Vision issues: Our eyes, especially when we get older, have a hard time reading a lot of the instructions or labels  on items. Trying to read the compass or gps, or even your watch may be difficult.

 Most smart phones have a built in Accessibility app. This app zooms in on your cell phones screen all info by tapping  screen a few times  and can even be zoomed in further. Downloading a GPS app & a Compass app while using the Accessibility feature will save you from having to carry a GPS and a compass or spare batteries. This will not only allow you to easily read your phones compass and GPS, but it will also lighten your load. 

Blue Blocker Sunglasses seem to help a lot of people with vision problems as well.

Those with bad ankles, knees and elbows: A support brace is very effective at supporting your knees, ankles and elbows. Easy to put on easy to take of and the benefits and pain relief form wearing them, well its  a no brainer

Also using pain relief gel or lotion on the areas and taking Aleve will also reduce your pain. Hand warmers can be of use here too,  although more designed to keep you hands warm in winter, these warmers  can be placed around your knees, ankles,  elbow or shoulder to sooth your muscles

Making a helping hand: For those of you that either like to go in the outdoors  solo, or that cannot find someone that has the same days off then you have, but also have an injury or physical disability that makes doing certain tasks hard solo, this is my advice:

As a computer and electronic technician that ran solo jobs, there were numerous times that I needed a second hand to do a task.  Instead of giving up citing it is a "two man job", i would create something on the fly that would circumvent the need for a second person. Whether it was making something to hold an item or object in place, or rigging a pulley system for lifting, I was always able to conjure up a way to do the task at hand.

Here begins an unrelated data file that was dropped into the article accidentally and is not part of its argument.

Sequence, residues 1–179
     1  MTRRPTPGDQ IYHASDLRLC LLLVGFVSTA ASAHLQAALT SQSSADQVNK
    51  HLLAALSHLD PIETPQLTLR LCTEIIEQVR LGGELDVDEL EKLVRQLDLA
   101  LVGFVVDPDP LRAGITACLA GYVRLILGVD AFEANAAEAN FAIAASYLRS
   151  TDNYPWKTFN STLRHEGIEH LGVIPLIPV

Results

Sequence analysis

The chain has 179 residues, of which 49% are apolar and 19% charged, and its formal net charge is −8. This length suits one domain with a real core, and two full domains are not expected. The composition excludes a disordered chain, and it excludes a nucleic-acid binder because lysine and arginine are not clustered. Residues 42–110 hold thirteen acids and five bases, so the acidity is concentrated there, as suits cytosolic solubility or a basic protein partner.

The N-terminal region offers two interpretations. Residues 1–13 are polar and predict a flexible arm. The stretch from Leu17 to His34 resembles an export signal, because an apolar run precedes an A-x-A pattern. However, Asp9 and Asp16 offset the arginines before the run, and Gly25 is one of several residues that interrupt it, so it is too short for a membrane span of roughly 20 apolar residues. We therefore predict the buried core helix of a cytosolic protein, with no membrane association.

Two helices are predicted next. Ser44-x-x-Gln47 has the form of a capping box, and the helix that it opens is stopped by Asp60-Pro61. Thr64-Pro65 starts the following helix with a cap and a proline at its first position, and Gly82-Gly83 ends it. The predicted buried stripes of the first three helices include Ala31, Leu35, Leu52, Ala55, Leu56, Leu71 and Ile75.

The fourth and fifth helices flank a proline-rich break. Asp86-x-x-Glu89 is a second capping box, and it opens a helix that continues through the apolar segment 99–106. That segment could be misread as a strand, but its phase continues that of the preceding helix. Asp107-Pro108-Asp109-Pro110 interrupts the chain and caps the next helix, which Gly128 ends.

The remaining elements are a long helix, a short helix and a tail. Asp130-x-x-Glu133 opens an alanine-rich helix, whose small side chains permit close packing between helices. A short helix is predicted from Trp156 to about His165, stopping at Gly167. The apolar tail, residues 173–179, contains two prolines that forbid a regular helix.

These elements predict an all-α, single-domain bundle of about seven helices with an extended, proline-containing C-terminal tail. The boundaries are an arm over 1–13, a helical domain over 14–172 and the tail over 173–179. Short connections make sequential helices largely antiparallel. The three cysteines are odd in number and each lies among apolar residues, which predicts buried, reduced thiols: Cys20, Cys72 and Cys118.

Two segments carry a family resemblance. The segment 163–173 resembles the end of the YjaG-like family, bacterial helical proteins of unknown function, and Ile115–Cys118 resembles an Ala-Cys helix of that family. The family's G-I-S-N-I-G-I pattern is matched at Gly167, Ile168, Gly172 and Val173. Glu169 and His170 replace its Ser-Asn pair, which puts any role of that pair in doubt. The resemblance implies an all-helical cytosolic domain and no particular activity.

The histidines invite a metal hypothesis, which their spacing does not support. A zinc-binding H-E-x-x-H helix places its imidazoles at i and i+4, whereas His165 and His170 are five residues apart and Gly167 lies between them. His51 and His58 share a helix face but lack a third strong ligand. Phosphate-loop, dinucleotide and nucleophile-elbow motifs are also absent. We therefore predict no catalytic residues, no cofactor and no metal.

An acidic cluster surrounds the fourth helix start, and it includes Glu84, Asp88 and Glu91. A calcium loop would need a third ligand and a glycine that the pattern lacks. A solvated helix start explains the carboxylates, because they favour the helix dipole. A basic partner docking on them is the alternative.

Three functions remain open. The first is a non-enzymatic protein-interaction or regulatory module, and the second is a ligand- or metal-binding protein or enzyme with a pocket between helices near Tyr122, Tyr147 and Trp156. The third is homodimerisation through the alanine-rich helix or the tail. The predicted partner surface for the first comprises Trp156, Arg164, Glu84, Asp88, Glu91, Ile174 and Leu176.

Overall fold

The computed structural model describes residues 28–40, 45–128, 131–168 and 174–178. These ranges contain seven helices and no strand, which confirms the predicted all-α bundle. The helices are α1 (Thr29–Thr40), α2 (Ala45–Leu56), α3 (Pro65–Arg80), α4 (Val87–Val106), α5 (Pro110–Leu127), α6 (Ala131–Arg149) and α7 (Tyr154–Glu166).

In camping,  I find having carabiners, paracord and a climbers pulley solved a lot of problems for me in situations where a 2nd person would be helpful.  rigging a pole from opposite directions is a way to secure it in place, now you don't need someone to hold the pole for you.

A DIY conveyor line with a pulley rig allowed me to lift wood and other heavy objects with the fraction of the force needed to outright lift it. 

Duct tape is also another useful thing to have around.  It is great to temporarily hold something in place, or to temporarily attach something together while you do the actual connecting.

There is more to come:  If any of Trailgroove's readers has a specific question about how to camp with a particular type  injury or disability, feel free to ask a me a question.  Life isn't over  having a disability, it just requires a change on how you do and approach things.

If this was helpful to anyone , please give it a thumbs  up so I knw  to write more articles like this or add content to existing threads.

about the author

Michael aka Mac, (his Trail name, short for MacGyver), is a Survivalist and outdoor enthusiast with over 40 years of experience in the great outdoors. His background is in engineering & physics and he brings this knowledge into his gear inventions and outdoor experiences.  Now Michael aka Mac, when he is not in the wilderness, spends his free time as a Freelance gear reviewer of outdoor gear & gadgets, an outdoor Blogger, professional outdoor survival writer, and teacher of outdoor non combat survival skills.

Edited by Michael aka Mac
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Hi Michael

Good for you for encouraging people of all ability levels to get outdoors. My wife and I have hiked with a variety of ailments, and seen others successfully cope with far more serious issues. The rewards always outweigh the challenges. 

But one thing I missed in your article is the simple expedient of asking someone to help. It's an option that should always be considered...and is rewarding both for those being helped, as well as those who are helping!